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Lesson 0-4: Hello World

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Letters and sounds are great and all, but I think it’s time to finally start using the language! And where else to begin but with some greetings? Take a listen and follow along with the conversation.

m - jave . ktem esk ak va kalne .
a - andem . ak je kalne ana, e va .
m - ak je kalne martsjn . jag pasant aj .
a - jlswr . pasant, e va .
m - pasant . kfo ktaden esk ak va voren .
a - ak ve voren amerjka .
m - ak je voren kanada . jlswr . rwjgard .
a - jave .

Greetings and Goodbyes

Let’s break that conversation down, starting with greetings and goodbyes! Throughout the conversation, there are four greetings and goodbyes, though there’s a little trick to one of them.


It’s the one with a trick that we’re going to start with, as it is by far the most common way of greeting someone in colloquial Sonoran. jave is not just a greeting, but also a goodbye, translating to both ‘hi’ and ‘bye’, much like the French ‘salut’ or Italian ‘ciao’.


jastak is a more formal ‘hello’, useful for business meetings or greeting strangers such as salespeople or customers.


Just as jastak is a more formal ‘hello’, rwjgard is a more formal goodbye.


Directly translating to ‘morning’, like jave, andem can be used as both a greeting and a goodbye. Unlike jave, it would be strange to use andem at any time other than the morning.


postan translates to ‘afternoon’ and is used similarly to andem.


Rounding out the times of day, jltos translates to ‘evening’. jltos can also be used up to about midnight, when speakers transition back to andem.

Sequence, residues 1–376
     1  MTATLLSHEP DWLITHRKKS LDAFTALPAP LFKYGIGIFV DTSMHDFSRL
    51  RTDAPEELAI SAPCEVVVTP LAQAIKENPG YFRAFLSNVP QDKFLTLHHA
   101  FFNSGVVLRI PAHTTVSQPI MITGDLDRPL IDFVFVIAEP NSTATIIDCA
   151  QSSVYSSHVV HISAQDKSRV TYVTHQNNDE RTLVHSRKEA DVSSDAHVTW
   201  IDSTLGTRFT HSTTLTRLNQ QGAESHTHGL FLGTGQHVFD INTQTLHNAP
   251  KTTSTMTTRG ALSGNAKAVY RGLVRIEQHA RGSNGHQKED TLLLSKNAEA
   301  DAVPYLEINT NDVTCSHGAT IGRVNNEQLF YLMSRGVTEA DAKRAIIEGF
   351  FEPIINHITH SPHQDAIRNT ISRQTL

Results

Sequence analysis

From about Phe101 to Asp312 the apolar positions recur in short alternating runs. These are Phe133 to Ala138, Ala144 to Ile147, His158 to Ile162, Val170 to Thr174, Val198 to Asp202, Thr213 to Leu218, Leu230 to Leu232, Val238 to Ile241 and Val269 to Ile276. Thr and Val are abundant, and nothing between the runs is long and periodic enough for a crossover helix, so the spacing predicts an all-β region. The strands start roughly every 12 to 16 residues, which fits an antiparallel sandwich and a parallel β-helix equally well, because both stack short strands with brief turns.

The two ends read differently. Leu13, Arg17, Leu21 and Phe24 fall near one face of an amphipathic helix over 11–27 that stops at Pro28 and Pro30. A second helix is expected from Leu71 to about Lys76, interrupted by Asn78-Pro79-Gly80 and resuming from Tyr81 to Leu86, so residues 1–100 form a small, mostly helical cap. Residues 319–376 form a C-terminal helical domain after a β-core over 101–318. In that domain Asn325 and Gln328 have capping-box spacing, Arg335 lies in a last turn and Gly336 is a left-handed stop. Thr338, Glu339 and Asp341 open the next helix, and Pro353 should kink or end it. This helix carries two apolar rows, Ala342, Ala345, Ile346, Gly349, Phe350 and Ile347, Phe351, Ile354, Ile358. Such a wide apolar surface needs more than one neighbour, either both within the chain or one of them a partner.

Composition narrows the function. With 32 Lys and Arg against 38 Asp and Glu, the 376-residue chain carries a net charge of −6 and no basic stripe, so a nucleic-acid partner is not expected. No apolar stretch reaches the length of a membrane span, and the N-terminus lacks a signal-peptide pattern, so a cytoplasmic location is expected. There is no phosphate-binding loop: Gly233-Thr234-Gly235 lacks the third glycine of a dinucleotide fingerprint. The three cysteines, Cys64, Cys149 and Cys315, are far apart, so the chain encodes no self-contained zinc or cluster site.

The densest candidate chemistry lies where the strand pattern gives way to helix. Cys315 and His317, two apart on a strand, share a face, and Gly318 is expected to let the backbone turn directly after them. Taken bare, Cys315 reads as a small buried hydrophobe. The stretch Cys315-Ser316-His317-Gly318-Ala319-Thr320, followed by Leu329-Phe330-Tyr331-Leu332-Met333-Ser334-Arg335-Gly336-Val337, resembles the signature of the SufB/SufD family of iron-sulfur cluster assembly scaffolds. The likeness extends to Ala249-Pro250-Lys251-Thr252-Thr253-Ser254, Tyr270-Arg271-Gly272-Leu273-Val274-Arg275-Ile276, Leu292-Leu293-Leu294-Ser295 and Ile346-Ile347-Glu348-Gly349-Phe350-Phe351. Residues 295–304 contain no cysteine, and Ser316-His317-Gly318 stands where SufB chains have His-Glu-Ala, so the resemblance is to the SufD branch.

Sandwiched in between greetings and goodbyes in the conversation are some introductions – very useful if you’re meeting someone new!

ktem esk ak va kalne .

This is a question – you’ll find that Sonora does not have other punctuation markers beyond a full stop, so how do you clue in that the phrase is a question? Look for the word esk – that’s the question marker and it’s usually somewhere near the start of the phrase.

Now that you know this is a question, you can probably guess it means “What is your name?”

ak je kalne ----- .

And here’s the response to that question! You’ll need to fill in your own name of course. To be fully descriptive, these sentences better translate to “What are you called?” and “I am called _____”.

e va

This one pops up in two different places in the conversation. e va translate to “and you”, which is a way of asking a question back at someone who you just responded to – exactly like you would in English.


The conversation includes a couple of pleasantries.

jag pasant aj .

This phrase translates to “How are you?” or “How is your day?” More literally, it asks if you are having a positive day.


You can respond to the previous question with pasant to agree that yes, you are having a positive day – this is the default response. We don’t see it in the conversation, but you can choose to respond with nepasant to say that your day has not been positive.


Literally translating to “pleasure”, jlswr means “Nice to meet you”.


And finally, the conversation also touches on place of origin.

kfo ktaden esk ak va voren .

“From where do you originate” would be a fancy translation, but this really just means “where do you come from?”

ak je voren ----- .

And of course, this is the response: “I come from _____.”


Now that we’ve covered all the parts of the conversation, go back and listen to it again – hopefully the meaning is a little clearer.

The rest of this lesson’s practice can be found in the following worksheets. Use the audio here to complete worksheet 1. Bonus practice: if you’re learning Sonora with a friend, have a small conversation between the two (or more) of you!

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